Preparing for the Paralympics with ‘Data First, Voice Second’

Filed in LTE, Real-Time Intelligence, Roaming by on September 16, 2016 0 Comments

This article originally appeared in Vanilla Plus and is reprinted here with permission.

Thousands of international visitors are now visiting Rio and other Brazilian cities for the Paralympics, says Pablo Mlikota, president, Americas at Syniverse.

The games will see over 4,300 athletes from 160 countries compete, and over 1.5 million tickets for the event have already been sold.

As was the case with the Olympic Games, more overseas visitors to Brazil mean a surge in mobile data use and roaming traffic across the country. Critically, these users will expect their mobile devices to “just work” the same as they always do. And for the Brazilian mobile operators that have a chance to be involved in supporting this once-every-four-year event, it’s crucial to get this right.

What we learned at the Summer Games
From my recent experience at the Rio Olympics, I’ve gotten an idea of how challenging this expectation will be. Syniverse worked with several Brazilian operators to help prepare their networks and manage the spike in inbound international visitors using 2G, 3G and LTE roaming during the two-week event. Through these experiences, we uncovered the priority for a “data first, voice second” approach through some valuable data that demonstrate the impact of roaming that Brazilian operators can expect during the Paralympics.

To start, we found that nearly half a million (495,952) unique roamers used data, and that there were 1.3 million unique roamers on 2G, 3G and LTE during the two weeks of the Games. At the opening ceremony alone, we measured 179,000-plus unique roamers on 2G, 3G and LTE. And on Friday, Aug. 12, and Saturday, Aug. 13, we saw the highest number of unique roamers, with more than 200,000 nationwide.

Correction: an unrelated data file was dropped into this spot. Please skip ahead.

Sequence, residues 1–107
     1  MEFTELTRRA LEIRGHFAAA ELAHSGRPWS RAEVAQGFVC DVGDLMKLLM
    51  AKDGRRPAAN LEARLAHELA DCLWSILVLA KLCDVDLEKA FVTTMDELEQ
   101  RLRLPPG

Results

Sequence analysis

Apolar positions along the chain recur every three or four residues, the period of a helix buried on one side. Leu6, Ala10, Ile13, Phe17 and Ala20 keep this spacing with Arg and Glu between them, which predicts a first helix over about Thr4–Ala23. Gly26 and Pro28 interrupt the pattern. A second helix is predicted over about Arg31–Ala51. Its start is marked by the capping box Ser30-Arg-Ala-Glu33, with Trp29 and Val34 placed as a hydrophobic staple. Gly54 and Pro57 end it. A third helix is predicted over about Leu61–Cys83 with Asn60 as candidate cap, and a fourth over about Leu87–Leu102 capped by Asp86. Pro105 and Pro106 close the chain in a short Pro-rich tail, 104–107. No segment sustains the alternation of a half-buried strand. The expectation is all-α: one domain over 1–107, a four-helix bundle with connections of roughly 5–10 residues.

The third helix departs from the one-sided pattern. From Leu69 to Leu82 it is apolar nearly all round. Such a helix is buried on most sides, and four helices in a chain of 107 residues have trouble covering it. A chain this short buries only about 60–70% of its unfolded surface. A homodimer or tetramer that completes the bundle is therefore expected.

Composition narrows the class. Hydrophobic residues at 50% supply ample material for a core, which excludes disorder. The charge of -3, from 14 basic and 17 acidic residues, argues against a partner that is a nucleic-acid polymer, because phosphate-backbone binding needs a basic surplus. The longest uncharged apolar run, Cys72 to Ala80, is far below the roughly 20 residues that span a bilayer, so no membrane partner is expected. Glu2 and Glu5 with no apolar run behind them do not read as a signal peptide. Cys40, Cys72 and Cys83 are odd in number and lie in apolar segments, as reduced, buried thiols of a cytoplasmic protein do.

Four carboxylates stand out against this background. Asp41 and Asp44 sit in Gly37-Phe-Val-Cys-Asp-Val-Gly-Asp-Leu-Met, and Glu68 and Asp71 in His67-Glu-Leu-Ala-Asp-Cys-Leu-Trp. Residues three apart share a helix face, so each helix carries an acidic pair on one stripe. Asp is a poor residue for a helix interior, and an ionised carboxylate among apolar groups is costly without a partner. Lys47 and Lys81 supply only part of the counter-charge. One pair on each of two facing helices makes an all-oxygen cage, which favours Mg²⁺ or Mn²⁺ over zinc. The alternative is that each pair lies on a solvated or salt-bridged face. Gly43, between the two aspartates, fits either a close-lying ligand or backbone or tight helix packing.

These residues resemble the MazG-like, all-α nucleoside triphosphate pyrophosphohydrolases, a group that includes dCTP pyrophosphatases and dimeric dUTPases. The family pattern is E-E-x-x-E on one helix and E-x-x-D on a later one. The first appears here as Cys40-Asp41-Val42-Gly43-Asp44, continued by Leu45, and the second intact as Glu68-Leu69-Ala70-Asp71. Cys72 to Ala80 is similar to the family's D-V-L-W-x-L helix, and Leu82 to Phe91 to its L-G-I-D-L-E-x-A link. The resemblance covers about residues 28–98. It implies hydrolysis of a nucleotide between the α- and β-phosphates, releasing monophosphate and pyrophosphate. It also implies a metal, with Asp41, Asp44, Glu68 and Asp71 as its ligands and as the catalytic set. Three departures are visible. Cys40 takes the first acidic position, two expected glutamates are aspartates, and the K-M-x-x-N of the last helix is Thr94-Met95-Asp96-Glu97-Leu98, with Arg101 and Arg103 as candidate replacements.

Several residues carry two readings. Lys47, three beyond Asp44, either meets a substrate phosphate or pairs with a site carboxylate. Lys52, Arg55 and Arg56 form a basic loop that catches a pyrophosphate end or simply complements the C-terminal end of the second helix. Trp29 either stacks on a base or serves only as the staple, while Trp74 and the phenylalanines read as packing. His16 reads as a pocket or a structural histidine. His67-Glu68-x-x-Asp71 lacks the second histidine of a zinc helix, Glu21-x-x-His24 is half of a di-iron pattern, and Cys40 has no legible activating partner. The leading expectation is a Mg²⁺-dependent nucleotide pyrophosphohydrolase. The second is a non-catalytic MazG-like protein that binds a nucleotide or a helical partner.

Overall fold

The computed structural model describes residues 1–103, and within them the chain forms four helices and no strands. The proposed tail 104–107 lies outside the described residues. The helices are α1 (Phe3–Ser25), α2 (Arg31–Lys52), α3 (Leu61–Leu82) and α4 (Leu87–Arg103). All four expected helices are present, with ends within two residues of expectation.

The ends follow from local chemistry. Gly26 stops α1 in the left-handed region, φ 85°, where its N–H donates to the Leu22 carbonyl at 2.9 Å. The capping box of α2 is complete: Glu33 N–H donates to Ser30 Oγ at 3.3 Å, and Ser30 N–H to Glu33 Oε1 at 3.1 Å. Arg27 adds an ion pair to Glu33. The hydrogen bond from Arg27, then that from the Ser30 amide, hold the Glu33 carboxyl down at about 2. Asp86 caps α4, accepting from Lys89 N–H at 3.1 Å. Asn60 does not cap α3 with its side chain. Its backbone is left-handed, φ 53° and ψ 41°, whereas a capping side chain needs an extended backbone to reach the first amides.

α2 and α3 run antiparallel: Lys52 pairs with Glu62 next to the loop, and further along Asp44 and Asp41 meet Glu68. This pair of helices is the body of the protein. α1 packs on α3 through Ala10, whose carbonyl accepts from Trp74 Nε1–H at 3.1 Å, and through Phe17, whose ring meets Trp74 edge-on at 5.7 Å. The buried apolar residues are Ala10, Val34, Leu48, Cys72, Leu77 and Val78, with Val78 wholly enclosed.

What’s more, we saw LTE data roaming increase from over 200 percent (middle of the Games) to over 240 percent (end of the Games) compared with the previous month. Data was the most-used channel, indicating a growing trend among consumers of using their mobile device to communicate through data-backed social networks, OTT apps and Wi-Fi options.

Moreover, these numbers point to some of the pressures that mobile networks come under when hosting a major event that attracts thousands of visiting roamers. Specifically, based on what we found, we identified two areas in particular that will be critical factors in the success of mobile at the Paralympics. As operators serve a massive number of Paralympics visitors, their preparation for LTE roaming and their execution of real-time monitoring will be critical factors in their performance.

The importance of LTE roaming testing
One factor on which the success of Brazilian operators’ service will hinge is the quality and thoroughness of their LTE roaming testing. Although LTE only represents a relatively small part of mobile networks, it represents a sizable foothold in many countries where fans are traveling from.

To this end, a first requirement for operators’ success is to have roaming agreements in place and have conducted multiple roaming trials with hundreds of other operators worldwide from the 150-plus countries whose teams are competing.

What’s more, each operator’s network must be able to properly deliver and support multiple data sessions to deliver an uninterrupted mobile experience for users.